San Francisco 101: City of “Mistical” Contrasts


San Francisco is a city with a fame disproportionate to its size. The city proper is only about 47 sq. miles (121 km2) at the northern tip of the peninsula with the same name. Over 830000 San Franciscans live in the city, mostly in small yet pricy pads. If you ever plan to visit San Francisco, you will be reminded multiple times about its unique geography and micro-climate. But let me spell it out again: San Francisco is part of California except for the weather. The temperature can be quite low in the morning when the mist is still on the city. Towards the afternoon the sun may appear behind clouds but that should not fool you. You are strongly recommended to keep your jumper or jacket with you at all times, especially towards the night. The climate is not the only aspect of San Francisco that leads me to label it as “the city of misticals contrasts”.

Contrary to the most common nicknames of San Fran or Frisco, the locals do not prefer any name other than San Francisco or the city. After all, the city is named after a saint and religion is an essential part of life here. Even though the settlement in the area dates back to 3000 BC, the city itself can be considered to be founded with the arrival of the Christian missionaries. They found the Mission San Francisco de Asis, commonly known as the Mission Dolores, few months before the declaration of independence in 1776. However, the city was not part of USA until after the end of Mexican-American War in mid 19th century.



Mission Dolores is the oldest building in the city and form the focal point of the lively neighbourhood of Mission District. What stands out most in the area is the colourful murals and “taquerias” that offer delicious Mexican food. We had our best meal in California on our last full day in the city at Pancho Villa Taqueria and admired the murals thereafter.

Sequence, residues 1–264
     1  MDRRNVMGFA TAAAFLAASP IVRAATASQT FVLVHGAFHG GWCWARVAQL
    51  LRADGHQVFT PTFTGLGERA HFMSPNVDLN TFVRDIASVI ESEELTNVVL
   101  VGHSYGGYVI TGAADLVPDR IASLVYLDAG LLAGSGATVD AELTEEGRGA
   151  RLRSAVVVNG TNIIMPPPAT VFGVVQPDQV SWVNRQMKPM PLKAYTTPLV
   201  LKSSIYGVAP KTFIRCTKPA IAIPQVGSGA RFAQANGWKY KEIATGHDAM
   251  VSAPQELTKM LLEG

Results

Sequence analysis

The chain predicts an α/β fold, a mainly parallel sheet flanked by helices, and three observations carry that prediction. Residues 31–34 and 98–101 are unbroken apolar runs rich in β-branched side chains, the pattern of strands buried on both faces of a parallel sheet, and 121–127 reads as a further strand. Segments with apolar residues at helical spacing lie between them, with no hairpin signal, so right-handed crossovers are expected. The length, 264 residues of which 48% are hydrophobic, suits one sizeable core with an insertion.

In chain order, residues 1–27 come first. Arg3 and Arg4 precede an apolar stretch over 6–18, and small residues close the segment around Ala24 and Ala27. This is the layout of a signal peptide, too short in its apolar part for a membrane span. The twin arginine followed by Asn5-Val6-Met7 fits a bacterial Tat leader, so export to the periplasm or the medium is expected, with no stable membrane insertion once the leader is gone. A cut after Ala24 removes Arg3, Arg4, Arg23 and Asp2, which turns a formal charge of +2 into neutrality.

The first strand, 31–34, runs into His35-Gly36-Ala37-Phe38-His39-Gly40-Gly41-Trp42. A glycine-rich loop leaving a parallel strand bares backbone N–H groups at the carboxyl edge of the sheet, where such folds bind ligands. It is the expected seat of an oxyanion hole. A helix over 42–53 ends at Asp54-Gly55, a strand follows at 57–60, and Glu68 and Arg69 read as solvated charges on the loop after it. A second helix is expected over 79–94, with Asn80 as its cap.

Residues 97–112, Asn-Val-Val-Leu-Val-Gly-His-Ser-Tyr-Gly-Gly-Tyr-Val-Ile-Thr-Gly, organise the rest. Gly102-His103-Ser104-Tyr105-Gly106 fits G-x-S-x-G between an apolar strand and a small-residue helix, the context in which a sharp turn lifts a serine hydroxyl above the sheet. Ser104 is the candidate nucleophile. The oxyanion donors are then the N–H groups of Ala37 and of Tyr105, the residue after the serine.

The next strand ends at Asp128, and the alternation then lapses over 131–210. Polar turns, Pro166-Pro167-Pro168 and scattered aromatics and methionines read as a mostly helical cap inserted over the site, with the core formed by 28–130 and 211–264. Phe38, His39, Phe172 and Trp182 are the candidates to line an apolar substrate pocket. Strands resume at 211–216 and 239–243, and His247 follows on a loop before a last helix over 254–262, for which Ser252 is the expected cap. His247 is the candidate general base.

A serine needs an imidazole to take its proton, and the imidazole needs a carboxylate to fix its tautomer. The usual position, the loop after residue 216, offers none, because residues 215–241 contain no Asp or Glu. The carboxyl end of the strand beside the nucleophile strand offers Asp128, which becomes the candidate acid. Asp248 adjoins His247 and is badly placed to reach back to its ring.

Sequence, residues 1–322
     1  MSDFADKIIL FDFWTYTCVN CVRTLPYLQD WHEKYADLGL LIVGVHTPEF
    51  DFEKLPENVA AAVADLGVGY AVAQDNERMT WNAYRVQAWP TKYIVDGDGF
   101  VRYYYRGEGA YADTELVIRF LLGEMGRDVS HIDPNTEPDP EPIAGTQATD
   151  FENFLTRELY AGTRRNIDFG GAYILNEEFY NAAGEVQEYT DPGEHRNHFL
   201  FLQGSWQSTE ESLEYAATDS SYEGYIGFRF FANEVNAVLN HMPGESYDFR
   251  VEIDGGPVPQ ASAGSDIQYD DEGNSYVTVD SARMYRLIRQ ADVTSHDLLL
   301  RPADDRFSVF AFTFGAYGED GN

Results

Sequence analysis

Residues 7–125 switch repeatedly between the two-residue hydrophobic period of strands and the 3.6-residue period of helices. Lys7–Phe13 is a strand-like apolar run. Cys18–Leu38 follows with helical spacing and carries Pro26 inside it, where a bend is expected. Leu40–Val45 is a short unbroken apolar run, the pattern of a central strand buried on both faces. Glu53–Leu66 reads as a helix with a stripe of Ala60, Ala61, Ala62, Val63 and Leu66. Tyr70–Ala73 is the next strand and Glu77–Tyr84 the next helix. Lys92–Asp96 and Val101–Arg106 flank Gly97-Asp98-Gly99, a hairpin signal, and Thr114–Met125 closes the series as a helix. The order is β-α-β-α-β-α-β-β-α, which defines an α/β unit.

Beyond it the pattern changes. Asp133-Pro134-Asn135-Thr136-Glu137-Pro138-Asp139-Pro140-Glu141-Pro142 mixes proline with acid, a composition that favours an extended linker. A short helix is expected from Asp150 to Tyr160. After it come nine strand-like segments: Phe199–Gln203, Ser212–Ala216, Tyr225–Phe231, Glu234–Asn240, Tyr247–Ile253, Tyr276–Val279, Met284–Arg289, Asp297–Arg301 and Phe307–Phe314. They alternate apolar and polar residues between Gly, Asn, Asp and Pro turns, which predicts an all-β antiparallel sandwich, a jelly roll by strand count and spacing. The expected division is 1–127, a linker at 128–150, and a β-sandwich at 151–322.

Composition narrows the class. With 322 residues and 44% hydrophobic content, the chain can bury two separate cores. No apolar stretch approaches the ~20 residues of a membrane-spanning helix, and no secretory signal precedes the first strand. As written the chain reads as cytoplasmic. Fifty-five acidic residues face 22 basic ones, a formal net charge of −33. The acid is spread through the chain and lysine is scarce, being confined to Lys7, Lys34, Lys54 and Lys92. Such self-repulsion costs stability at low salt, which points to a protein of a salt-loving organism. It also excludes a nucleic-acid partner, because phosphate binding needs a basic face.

The variety and uniqueness of the artistic vision that created those murals stayed with us much longer than the time we spent in the back streets & alleys of the district.







Even though the influence of the religious life is ever present in the city, you also get a sense of liberation & a genuine expression of individuality when you stroll the streets of the Mission District. Therefore it is not surprising to find the Castro, a.k.a. “gay capital of the world”, right next to Mission District.



The Castro is a fun place to be for everyone, regardless of sexual preferences. The pavements of Castro Street itself were under renovation and will soon be transformed to give the visitors a sense of walking over the rainbow. Even just that promise is sufficient to bring us back to the Castro again in the coming years.

Another distinct and well-known feature of San Francisco is steep hills and valleys on which the city was built. Streets and avenues are long, some even stretch from one end of the city to the other end (like Geary Blvd or suitably named “Divisadero St”), intercepted only with usual ups and downs of course. This contrast of topology is like an analogy to social inequalities of American life that is very visible in the city. Not too far apart from each other, you can see homeless “residents” of aptly named neighbourhood of Tenderloin along with multimillion dollar worth mansions of Pacific Heights.





When you do not belong to the either end of the spectrum, like us, it is easy to define these extremes as marginal, exceptions to the norm. But in reality, such possibilities exist for all of us. Even we may aspire to end up in one of the Bay view mansions, we should be aware that it is the same system that creates the hopeless and the hopeful.

San Francisco is not just the Mission, Castro or the “mistical” contrasts it presents to the visitors or residents. It is also the home to authentic cable cars, a well-known crooked street, one of the most famous bridges in the world, a superb promenade by the bay and some fantastic planning & architecture worth remembering. So, please bookmark/add to your favourites & come back again for more. :)

To read more on our California trip, please visit: California Road Trip of 2014

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